Effingham Daily News
When I went to Boy Scout camp as a kid outside of Lewistown, the range was nothing but a source of unending anxiety. Set up next to the archery station, a series of small targets, guns and ammo tempted my fellow scouts with dreams of bullseyes and badges but I couldn't deal with it. I couldn't hit a target, couldn't steady my hand and couldn't shake the unending chant of "you'll shoot your eye out."
I think it's probably clear that I wasn't the ideal scout or shooter but I've never forgotten the fear I felt with a BB gun in the crook of my arm. It certainly isn't my most irrational fear, with someone sneaking onto my second floor apartment balcony taking the cake in that department, but guns fundamentally frighten me. Making matters worse, now they could be on any person at nearly any time.
On Tuesday, a federal appeals court struck down Illinois' long-standing concealed carry ban, giving lawmakers 180 days to come up with a law allowing gun owners to carry firearms on the street. Dave Sigale, an attorney who represented the Second Amendment Foundation in the lawsuit, was quoted in the Chicago Tribune saying, "the right of self-defense doesn't end at your front door."
It always feels strange when this kind of thing passes in Illinois. We live in one of the bluest states in the country, but Illinois has long been paralyzed by the thought of progress. For the state that gave Barrack Obama's political career a start, we've long been stoically against change.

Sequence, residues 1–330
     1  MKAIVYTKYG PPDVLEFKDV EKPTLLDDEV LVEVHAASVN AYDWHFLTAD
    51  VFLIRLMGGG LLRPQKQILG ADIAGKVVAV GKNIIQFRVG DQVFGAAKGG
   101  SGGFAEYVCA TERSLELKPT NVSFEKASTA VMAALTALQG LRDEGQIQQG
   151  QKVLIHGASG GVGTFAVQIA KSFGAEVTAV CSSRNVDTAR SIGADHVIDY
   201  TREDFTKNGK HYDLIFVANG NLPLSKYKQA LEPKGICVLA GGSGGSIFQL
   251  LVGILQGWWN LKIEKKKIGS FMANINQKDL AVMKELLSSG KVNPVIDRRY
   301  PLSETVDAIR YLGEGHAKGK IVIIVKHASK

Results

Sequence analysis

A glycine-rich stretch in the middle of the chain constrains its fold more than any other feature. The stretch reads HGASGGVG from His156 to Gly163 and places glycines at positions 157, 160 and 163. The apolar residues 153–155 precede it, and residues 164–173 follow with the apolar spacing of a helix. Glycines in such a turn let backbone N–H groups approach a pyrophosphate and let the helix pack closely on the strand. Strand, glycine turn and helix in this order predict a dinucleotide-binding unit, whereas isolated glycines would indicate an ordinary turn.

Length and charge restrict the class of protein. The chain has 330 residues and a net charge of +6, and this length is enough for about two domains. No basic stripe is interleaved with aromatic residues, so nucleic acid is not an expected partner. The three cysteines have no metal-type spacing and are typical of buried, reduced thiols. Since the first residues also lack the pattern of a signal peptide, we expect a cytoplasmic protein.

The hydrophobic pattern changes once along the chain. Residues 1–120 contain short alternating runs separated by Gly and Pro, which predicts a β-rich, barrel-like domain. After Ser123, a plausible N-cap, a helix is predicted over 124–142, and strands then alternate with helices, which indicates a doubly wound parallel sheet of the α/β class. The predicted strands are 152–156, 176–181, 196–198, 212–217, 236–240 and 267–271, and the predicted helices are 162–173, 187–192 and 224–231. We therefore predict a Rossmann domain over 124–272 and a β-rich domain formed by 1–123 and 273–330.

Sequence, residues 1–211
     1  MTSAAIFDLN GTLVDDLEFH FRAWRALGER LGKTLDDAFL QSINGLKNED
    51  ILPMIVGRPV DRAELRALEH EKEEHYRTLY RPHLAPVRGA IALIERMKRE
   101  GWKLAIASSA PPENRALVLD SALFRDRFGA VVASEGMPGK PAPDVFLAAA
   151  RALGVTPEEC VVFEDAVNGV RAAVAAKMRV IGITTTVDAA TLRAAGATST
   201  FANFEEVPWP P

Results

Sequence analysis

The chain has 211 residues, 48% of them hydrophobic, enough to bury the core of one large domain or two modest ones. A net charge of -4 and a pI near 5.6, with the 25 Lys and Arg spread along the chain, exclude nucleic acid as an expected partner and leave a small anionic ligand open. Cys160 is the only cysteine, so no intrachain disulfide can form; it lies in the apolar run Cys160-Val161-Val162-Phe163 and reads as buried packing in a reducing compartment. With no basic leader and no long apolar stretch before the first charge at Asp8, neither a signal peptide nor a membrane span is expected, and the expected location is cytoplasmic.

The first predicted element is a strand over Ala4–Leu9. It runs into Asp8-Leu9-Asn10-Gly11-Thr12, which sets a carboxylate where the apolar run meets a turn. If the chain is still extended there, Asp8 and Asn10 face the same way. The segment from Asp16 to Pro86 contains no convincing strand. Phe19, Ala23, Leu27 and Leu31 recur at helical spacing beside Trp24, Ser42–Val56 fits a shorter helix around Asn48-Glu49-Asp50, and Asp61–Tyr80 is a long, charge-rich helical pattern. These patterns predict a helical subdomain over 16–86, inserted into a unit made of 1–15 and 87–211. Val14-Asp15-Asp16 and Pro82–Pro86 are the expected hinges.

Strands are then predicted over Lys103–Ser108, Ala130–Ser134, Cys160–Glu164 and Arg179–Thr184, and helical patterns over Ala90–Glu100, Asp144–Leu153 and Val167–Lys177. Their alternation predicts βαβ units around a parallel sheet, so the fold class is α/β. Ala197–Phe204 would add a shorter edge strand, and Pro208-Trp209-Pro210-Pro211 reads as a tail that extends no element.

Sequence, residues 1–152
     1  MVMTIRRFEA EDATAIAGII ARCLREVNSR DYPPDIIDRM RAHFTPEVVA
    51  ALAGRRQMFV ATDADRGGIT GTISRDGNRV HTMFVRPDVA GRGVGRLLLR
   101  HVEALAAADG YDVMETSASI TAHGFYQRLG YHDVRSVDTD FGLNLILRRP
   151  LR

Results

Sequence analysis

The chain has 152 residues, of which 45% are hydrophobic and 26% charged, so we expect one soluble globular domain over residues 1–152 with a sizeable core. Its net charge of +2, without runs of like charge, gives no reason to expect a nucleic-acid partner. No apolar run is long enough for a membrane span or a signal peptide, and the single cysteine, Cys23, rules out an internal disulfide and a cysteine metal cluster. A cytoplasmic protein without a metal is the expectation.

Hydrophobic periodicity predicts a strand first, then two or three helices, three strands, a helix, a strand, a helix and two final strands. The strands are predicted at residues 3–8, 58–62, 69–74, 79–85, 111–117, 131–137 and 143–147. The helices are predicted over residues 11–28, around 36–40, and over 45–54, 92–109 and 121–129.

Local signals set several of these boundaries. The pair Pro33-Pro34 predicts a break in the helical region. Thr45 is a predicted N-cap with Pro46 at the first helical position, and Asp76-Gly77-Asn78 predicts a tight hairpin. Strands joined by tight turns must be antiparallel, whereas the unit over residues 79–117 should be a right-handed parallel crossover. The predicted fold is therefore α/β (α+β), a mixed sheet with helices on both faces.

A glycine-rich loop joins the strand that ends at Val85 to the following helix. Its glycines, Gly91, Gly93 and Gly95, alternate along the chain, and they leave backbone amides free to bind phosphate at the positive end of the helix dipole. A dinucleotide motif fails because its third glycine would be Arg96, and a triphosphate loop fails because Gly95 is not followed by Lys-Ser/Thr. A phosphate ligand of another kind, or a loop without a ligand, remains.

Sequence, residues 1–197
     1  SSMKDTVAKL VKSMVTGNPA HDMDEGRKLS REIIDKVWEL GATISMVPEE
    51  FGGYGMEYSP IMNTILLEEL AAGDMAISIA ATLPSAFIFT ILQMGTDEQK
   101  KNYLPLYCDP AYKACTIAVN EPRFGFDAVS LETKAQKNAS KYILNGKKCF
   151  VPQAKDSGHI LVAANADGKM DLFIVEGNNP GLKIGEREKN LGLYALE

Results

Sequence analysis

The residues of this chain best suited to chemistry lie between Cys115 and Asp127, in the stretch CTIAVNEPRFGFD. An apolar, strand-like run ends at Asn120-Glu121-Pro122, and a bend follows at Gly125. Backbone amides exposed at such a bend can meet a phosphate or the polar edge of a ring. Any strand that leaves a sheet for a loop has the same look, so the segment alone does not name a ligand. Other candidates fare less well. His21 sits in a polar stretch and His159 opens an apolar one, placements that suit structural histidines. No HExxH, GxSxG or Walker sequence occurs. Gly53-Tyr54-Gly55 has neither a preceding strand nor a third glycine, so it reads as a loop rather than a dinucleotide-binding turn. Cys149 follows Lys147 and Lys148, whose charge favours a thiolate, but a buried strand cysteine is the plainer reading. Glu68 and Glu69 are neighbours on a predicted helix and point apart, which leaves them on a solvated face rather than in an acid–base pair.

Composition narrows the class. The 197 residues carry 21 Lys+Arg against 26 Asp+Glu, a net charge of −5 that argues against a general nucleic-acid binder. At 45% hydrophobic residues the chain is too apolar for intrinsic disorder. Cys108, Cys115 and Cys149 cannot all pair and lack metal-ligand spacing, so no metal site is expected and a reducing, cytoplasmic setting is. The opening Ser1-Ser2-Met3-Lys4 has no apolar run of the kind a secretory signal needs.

Really, the overturning of the concealed carry ban is an appeal to our basest instincts. We're scared. We're all very scared. With a crumbling economy, a global political landscape passing the United States by and nuclear tensions not seen since the Cold War, we're all seeking some measure of personal control.
But that's the thing. We can't control any of that. We're vastly alone, dealing with our anxieties, our problems and our fears and a loaded gun tucked under your shoulder isn't going to fix that.
In January, Illinois legislators will have a chance to truly make a difference. During the Lame Duck session, notoriously controversial bills see the light of day as some legislators prepare to leave their seats. It's one of the few times in federal politics where change is truly possible and lawmakers are making the most of it.
Gay marriage, medical marijuana, plans to fix the pension system, providing driver's licenses to immigrants and plans to close budget shortfalls are all on the agenda and are all ideas that the state should pursue more doggedly than the fear mongering and stagnation we're used to.
Where the concealed carry ban continues to show the statewide fear which grips citizens, January is giving lawmakers a real opportunity to do something right, to change the state and the culture for the better. Illinois could very well be the 10th state to allow gay marriage, finally giving an often abused demographic the basic human right it deserves. However, there are still groups, not just in Springfield but statewide, who are afraid, afraid of what the right to love could do.
It's time to deal with our fear, not with rhetoric, talking points or a warm gun but with a true and honest voice. Write to legislators, show your support for the change you want to see. There's no reason to let a gun, hidden or not, do the talking in Illinois any more.
Jackson Adams can be reached at 217-347-7151, ext. 131, or firstname.lastname@example.org.